Harvard Health Letter

Fewer eyesight problems reported among older adults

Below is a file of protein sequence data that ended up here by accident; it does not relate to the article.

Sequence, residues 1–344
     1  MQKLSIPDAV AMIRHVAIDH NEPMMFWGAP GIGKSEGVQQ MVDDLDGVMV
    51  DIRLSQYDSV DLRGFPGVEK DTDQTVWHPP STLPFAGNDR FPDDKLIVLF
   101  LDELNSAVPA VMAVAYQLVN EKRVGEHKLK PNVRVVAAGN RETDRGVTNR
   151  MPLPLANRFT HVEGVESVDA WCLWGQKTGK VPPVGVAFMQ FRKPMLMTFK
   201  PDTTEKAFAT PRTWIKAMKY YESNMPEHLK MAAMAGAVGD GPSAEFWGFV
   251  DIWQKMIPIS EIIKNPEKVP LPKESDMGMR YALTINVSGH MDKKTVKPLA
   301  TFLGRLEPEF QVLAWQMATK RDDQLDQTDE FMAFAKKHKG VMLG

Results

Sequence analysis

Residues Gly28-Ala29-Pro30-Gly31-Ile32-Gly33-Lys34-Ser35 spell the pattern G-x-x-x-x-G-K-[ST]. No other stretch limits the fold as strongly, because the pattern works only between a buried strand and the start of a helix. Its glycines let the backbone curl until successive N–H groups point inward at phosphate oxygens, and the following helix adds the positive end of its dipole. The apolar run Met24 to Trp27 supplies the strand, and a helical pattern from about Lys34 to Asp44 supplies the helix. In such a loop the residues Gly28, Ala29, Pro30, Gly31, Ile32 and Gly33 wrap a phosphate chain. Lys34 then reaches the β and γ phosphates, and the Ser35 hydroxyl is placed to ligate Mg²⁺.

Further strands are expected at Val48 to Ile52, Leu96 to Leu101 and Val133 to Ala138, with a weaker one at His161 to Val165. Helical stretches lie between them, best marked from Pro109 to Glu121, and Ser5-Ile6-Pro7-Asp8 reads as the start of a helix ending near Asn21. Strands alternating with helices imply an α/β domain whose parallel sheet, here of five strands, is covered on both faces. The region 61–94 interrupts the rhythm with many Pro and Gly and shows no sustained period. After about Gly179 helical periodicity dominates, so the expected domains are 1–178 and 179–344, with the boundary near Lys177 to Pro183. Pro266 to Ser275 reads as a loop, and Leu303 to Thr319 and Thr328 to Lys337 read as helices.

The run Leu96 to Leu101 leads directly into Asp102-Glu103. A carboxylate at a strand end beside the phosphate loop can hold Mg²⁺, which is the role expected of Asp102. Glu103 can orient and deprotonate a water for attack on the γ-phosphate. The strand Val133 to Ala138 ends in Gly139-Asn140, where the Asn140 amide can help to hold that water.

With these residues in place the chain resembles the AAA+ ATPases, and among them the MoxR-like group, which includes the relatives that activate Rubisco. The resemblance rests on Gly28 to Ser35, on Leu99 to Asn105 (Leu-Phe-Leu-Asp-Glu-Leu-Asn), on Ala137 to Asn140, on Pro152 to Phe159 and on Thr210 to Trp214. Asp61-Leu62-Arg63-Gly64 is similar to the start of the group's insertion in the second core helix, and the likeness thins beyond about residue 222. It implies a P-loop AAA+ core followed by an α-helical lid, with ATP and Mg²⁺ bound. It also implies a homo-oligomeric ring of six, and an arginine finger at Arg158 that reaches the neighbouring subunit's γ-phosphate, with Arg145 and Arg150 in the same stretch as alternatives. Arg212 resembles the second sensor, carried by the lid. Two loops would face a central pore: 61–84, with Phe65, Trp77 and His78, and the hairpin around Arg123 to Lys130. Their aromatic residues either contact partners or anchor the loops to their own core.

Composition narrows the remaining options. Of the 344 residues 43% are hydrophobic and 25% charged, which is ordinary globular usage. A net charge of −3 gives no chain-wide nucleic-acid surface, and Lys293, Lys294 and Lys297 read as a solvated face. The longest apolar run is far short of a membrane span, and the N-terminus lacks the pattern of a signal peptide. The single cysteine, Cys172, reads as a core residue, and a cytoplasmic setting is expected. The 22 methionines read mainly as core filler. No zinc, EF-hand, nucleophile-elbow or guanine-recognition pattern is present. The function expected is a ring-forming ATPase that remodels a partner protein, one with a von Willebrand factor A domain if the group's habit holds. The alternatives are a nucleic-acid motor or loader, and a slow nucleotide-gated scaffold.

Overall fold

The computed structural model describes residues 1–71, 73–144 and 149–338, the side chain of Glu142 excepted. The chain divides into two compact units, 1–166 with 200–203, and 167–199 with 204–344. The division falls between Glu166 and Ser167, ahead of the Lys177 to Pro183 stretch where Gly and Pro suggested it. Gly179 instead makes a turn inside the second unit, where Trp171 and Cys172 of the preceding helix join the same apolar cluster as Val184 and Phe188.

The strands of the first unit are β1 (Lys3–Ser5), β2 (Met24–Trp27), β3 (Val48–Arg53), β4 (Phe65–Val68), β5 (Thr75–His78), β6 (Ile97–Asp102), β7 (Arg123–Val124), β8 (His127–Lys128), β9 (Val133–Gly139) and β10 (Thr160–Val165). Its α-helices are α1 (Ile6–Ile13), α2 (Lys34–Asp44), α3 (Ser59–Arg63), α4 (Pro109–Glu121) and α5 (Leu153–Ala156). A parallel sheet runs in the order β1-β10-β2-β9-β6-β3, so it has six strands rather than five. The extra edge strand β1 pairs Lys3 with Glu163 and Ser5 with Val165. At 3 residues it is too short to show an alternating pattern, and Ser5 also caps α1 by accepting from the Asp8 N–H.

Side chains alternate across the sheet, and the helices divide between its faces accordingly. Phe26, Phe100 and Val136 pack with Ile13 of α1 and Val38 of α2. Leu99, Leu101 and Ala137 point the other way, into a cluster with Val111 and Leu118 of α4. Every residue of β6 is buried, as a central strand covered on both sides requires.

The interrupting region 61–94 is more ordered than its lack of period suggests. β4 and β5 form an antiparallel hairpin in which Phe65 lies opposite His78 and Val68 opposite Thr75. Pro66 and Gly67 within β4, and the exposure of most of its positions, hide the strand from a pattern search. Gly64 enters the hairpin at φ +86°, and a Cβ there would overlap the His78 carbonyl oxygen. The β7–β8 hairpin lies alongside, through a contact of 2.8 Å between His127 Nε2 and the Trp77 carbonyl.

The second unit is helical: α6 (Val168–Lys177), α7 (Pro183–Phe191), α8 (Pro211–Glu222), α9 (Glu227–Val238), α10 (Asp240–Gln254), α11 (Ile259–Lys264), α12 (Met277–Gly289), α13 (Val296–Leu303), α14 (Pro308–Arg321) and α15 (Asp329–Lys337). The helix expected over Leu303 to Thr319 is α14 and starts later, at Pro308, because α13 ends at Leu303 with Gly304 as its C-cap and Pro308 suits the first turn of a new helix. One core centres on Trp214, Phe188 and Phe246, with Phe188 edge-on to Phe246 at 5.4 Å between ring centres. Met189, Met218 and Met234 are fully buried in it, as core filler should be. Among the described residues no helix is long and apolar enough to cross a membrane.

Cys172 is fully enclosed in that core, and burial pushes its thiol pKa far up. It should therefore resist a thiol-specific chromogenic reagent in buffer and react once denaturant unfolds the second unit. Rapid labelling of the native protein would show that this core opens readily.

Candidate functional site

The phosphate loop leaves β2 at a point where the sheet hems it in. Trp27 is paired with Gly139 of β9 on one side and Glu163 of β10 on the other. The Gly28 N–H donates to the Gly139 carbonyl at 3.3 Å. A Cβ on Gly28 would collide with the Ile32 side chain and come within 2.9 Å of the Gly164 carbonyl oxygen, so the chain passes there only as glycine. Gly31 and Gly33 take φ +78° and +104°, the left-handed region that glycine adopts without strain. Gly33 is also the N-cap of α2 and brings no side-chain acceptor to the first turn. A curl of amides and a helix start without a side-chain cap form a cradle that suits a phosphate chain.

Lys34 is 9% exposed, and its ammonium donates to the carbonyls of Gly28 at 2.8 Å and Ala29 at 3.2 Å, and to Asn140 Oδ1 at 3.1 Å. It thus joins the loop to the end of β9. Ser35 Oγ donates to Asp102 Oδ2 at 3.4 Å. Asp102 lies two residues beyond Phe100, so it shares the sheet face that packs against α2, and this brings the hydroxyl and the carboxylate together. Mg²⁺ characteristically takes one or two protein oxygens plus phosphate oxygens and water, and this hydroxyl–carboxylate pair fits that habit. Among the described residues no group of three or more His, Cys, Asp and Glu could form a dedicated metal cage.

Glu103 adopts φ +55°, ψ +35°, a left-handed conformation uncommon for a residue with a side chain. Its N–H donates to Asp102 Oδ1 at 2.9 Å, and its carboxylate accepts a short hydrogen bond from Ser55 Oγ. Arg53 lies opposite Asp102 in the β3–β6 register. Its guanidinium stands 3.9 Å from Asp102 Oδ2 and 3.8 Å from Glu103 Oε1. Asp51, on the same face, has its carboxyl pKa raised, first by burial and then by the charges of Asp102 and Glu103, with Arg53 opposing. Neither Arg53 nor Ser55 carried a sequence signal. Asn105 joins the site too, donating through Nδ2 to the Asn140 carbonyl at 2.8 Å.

Vision troubles are common as we age, but new research suggests that improved preventive behaviors and more effective treatments are actually reducing the number of eye health problems faced by older adults. A report in the June 8 online issue of Ophthalmology noted that the prevalence of functional visual impairment among people ages 65 and older declined greatly between 1984 and 2010. In 1984, an estimated 23% of adults ages 65 and older had self-reported functional visual impairment—eyesight problems that interfered with daily activities. By 2010, that number had dropped to about 10%. Researchers who analyzed these data suggest that possible explanations include declining numbers of older smokers (which reduces the cases of age-related macular degeneration), improvements in cataract surgery, and improvements in the treatment of diabetes-related eye problems. Having a comprehensive eye exam now can help you avoid serious functional visual impairment down the road. Even if you don't notice any problems with your vision, some eye diseases like glaucoma can slowly cause lasting eye damage. An eye exam can catch glaucoma early.

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